Search and seizure laws are often misunderstood. Some people might think that law enforcement officers can take anything they want and others might think that law enforcement officers don't have the right to take anything. The truth is that searches and seizures are governed by the principles set in the Fourth Amendment.
What some people might not realize is that the Fourth Amendment covers searches of your person, as well as searches of your belongings and dwelling. Even if you are being stopped or detained, you still have Fourth Amendment rights to protect you. It also covers the seizure of your person, which is also known as an arrest, and the seizure of your property.
Generally, there are three ways that a law enforcement officer can search you or your property or seize you or your property. The first is if there is probable cause to believe that you have committed a crime. The second is if the officer has a valid warrant to conduct a search. The third is if the officer has a valid warrant for your arrest. These three instances would give the officer the right to the search or seizure.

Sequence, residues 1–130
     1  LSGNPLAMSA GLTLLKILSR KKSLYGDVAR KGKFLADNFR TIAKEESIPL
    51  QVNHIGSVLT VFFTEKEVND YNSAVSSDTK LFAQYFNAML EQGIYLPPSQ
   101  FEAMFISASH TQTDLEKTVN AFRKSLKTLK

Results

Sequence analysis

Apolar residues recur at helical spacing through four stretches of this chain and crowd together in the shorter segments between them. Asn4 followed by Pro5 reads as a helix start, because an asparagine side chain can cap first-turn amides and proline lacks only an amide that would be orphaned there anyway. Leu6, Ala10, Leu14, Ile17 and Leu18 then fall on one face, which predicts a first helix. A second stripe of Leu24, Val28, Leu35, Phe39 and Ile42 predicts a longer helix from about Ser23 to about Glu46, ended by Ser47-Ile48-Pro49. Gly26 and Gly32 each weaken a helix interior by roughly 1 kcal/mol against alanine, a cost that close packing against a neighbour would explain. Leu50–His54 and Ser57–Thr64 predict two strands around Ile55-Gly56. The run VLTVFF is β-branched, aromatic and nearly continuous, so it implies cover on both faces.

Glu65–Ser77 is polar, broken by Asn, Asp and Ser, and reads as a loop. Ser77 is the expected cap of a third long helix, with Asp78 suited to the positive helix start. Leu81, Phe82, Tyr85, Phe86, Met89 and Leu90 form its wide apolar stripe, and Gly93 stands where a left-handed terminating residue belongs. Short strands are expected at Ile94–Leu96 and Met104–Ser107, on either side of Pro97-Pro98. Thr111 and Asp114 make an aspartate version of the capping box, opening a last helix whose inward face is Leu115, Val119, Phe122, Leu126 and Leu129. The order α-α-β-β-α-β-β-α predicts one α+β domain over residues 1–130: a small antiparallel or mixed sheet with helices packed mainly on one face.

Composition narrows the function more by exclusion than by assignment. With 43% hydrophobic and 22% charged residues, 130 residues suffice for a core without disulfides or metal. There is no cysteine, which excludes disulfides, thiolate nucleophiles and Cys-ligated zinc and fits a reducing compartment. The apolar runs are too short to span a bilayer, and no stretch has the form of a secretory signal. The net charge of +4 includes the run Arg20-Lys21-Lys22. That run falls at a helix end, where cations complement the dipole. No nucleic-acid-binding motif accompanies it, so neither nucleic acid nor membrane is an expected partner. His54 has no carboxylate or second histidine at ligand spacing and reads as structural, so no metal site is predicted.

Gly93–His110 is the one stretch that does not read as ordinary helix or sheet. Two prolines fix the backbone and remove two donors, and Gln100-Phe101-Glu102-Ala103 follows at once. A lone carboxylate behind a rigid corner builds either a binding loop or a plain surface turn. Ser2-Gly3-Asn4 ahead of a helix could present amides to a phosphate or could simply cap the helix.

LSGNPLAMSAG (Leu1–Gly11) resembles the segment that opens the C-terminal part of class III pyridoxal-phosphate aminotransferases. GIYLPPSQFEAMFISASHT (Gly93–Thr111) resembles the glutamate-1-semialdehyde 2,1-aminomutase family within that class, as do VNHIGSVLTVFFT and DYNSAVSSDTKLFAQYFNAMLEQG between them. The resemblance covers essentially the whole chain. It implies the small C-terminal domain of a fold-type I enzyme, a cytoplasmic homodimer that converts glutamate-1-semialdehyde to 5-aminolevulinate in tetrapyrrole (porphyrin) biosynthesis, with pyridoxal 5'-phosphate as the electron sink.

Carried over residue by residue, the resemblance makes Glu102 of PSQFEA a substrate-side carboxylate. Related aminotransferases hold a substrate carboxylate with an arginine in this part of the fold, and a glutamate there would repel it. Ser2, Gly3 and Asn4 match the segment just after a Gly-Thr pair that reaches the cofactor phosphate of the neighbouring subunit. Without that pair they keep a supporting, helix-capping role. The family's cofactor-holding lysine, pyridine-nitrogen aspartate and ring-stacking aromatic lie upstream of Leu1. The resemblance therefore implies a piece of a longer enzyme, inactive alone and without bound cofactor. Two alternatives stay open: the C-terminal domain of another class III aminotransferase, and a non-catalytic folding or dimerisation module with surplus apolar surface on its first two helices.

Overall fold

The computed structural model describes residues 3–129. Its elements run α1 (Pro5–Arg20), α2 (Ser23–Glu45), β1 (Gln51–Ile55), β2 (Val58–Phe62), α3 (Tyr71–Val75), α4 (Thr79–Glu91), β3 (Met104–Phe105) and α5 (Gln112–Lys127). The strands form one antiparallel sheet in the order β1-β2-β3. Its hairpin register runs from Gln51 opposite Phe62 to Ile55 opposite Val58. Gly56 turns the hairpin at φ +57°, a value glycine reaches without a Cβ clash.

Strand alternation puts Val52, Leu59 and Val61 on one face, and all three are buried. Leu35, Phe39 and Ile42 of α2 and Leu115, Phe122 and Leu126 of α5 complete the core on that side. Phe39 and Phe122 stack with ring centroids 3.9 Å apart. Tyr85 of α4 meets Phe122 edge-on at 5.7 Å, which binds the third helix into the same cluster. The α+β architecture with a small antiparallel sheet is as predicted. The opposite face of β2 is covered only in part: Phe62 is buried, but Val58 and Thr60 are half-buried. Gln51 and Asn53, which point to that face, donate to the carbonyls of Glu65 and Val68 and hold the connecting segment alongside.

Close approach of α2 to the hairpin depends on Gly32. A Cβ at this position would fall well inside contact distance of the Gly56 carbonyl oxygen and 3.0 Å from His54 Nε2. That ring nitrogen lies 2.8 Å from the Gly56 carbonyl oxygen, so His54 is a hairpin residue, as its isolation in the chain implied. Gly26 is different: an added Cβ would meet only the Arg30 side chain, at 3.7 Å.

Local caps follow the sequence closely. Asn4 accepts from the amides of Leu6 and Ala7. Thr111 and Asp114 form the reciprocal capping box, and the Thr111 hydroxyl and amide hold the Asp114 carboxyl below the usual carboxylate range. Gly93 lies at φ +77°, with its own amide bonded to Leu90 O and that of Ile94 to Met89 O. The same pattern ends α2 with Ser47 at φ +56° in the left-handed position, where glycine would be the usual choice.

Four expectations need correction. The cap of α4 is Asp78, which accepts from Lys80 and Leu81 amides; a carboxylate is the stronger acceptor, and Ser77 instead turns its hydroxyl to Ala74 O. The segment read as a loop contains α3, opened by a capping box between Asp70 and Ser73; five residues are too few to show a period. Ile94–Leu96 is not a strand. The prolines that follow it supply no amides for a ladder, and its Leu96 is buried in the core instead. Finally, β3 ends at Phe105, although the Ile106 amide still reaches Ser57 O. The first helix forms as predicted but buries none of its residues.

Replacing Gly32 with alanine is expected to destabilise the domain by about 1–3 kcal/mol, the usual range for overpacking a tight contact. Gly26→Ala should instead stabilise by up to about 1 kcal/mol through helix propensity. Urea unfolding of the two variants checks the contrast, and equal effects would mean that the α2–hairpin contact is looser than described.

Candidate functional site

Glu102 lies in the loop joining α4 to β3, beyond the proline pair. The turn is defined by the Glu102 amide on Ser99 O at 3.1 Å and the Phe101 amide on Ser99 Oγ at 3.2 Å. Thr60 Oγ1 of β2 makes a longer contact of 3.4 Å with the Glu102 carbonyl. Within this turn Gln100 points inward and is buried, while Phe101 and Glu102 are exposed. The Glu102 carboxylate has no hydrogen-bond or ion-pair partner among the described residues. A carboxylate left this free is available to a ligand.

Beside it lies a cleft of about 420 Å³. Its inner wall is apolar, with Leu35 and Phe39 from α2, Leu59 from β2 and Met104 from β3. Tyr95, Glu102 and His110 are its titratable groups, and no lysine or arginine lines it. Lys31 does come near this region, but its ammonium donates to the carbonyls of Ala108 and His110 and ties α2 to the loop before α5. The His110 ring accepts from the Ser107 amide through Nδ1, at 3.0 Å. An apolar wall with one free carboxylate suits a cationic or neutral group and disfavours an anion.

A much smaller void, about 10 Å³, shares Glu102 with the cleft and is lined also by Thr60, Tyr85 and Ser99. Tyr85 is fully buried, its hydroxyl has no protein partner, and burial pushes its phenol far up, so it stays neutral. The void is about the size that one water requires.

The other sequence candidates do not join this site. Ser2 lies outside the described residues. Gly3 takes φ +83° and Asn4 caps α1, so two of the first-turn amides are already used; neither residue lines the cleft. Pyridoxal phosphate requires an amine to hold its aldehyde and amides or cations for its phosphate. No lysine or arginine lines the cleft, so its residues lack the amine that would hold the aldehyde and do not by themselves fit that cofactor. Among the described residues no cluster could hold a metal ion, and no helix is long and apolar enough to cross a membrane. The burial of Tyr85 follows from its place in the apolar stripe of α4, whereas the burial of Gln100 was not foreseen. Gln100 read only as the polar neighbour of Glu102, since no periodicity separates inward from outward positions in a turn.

When Fourth Amendment rights are violated, any evidence that was gathered as a result of the seizure or search during which the violation occurred would be considered illegally obtained. That could result in the evidence being classified as inadmissible for the criminal case.
If you think your Fourth Amendment rights were violated at any point during a search or seizure, this needs to be investigated. It could play an important part in your defense.
Source: FindLaw, ""Search and Seizure" and the Fourth Amendment," accessed Jan. 21, 2016